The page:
Literally, it would be like text message wars between the 4 of us. Eli might send a list of 4 names and then Roly would be like, ‘Ok, maybe this one’ and I would be like ‘Hell no’ to all of them, and Liam would be like ‘ehhhh maybe these three.’ Then one day someone said Ain’t No Love and then we sat back and really thought about what it would mean in our case. The fact was that we were changing our sound and we were about to change our followers perception of us and we were really expecting their to not be a lot of love from our hip-hop purist fanbase. Ain’t No Love was a name we all ended up really liking and luckily it worked out in so many different ways.
The underground hip-hop scene and freestyle circuit is known to be pretty brutal. Roly, how was it for your guys as young rappers?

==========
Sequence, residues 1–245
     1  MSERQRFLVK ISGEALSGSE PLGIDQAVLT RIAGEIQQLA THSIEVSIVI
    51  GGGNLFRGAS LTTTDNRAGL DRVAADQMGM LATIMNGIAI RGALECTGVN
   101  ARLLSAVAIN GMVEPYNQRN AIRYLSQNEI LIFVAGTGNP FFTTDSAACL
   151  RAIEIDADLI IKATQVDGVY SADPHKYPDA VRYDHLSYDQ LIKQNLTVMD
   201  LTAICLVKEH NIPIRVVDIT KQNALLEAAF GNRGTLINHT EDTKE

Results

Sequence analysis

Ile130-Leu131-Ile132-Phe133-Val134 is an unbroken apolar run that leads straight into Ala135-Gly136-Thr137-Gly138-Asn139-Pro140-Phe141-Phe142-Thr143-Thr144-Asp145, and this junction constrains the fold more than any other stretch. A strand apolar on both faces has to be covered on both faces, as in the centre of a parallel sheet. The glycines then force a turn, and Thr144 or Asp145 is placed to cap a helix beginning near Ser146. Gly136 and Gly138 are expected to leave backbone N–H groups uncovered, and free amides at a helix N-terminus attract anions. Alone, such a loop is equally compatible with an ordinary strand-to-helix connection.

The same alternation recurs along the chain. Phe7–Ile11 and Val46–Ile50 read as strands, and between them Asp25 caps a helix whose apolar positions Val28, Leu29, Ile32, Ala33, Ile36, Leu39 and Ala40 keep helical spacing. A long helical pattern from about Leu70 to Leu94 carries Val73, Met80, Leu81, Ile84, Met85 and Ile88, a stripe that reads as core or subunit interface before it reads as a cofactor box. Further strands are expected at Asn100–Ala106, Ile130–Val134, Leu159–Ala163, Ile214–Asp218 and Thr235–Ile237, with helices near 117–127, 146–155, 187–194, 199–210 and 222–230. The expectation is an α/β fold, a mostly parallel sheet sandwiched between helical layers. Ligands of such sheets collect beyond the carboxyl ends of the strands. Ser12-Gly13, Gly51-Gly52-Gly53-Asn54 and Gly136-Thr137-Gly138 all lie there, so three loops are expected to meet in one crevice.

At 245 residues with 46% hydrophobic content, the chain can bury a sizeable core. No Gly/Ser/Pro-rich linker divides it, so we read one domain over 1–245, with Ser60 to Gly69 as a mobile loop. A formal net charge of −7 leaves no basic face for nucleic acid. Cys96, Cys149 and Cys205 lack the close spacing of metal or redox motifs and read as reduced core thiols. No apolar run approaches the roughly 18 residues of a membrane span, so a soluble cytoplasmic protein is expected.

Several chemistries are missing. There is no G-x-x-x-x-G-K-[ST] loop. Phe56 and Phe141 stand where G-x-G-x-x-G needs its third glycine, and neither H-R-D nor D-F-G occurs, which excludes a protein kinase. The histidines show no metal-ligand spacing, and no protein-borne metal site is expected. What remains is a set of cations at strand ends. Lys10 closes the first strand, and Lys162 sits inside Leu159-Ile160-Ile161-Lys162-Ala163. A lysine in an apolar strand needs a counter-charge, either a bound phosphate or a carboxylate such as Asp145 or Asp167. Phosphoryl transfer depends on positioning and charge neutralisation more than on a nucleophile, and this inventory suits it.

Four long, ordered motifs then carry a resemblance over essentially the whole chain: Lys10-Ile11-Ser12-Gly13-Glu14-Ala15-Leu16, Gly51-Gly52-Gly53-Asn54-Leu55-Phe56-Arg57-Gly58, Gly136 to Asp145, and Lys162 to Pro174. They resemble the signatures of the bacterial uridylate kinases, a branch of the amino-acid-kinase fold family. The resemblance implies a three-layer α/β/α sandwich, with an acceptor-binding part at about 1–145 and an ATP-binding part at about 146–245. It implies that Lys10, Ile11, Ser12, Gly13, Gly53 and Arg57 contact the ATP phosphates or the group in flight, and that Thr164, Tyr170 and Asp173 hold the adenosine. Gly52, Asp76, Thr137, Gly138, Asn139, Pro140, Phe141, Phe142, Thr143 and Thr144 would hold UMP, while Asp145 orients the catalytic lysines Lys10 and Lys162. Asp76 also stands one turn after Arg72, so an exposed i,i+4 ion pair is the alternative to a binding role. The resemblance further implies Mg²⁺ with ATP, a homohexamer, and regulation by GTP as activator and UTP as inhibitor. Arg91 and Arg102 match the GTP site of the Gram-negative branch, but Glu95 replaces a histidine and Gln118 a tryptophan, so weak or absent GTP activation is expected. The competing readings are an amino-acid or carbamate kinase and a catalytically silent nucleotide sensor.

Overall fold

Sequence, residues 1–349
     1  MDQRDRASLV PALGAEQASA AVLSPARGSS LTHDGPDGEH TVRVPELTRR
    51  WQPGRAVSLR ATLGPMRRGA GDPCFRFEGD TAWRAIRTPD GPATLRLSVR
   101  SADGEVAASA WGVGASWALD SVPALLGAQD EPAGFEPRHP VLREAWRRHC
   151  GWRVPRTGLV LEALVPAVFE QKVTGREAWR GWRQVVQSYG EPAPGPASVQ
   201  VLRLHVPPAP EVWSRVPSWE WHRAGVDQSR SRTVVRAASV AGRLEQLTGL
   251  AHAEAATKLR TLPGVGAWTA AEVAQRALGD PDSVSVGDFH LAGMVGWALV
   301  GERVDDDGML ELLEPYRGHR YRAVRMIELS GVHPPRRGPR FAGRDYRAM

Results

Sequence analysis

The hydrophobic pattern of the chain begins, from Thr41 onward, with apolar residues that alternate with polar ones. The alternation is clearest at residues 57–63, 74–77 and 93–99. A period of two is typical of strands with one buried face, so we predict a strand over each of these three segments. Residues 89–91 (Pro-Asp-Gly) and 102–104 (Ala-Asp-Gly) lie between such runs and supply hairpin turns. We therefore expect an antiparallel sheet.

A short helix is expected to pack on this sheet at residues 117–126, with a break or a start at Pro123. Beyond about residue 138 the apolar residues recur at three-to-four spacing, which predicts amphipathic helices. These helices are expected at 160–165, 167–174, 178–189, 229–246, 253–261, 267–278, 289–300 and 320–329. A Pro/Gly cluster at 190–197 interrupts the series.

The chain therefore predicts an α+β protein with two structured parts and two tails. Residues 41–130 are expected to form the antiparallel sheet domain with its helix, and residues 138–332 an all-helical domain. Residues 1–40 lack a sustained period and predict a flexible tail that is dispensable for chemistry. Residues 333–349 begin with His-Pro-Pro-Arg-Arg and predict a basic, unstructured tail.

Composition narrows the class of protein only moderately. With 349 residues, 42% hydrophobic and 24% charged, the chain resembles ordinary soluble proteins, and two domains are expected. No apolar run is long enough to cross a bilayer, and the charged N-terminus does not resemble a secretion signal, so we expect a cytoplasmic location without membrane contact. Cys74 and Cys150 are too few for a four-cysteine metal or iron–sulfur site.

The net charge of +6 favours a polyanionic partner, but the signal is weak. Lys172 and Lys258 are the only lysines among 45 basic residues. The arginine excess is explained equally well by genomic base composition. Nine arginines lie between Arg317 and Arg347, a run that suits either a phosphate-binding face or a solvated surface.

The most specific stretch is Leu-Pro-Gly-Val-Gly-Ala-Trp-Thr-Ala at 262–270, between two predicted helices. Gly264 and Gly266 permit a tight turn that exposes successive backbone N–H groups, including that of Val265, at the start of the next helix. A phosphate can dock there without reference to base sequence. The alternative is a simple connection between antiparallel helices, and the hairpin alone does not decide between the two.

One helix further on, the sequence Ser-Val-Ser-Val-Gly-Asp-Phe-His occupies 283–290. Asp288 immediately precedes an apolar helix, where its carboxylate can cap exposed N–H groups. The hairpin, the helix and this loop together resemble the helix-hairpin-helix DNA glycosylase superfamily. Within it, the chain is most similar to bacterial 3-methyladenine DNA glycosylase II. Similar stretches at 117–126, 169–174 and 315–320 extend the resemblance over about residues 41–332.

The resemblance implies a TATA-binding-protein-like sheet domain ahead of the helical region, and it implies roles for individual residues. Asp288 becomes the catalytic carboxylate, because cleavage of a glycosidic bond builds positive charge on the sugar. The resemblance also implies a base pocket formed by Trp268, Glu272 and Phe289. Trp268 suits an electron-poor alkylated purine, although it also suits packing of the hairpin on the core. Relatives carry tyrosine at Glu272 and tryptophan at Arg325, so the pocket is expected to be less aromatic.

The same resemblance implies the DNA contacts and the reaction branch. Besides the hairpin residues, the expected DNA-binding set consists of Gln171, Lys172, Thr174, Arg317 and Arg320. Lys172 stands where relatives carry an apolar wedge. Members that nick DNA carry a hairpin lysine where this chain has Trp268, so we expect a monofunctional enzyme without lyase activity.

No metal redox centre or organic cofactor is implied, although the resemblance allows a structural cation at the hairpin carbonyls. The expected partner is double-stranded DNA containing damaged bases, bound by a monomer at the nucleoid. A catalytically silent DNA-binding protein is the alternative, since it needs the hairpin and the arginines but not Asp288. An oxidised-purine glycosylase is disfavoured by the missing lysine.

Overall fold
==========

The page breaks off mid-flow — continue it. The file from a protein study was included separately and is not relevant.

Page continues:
There was a lot of freestyling, lots of rap battles, lots of fighting, and lots of racial tension. For me personally, I didn’t really explore or accept the fact that I liked other genres of music as well. I just kind of had the mindset that I am a rapper and I had to be the best at it. I believed that we had to be hard and not back down from anybody. It was just very stereotypical and how you’d imagine kids rapping on the streets downtown would be. But honestly, in the past year and half we’ve really come out of our shell and I realized there is so much more I want to do with music than just rapping.
You mentioned racial tension, your first mixtape with Eli was entitled Black and White, does the title have anything to do with the things you’ve previously mentioned?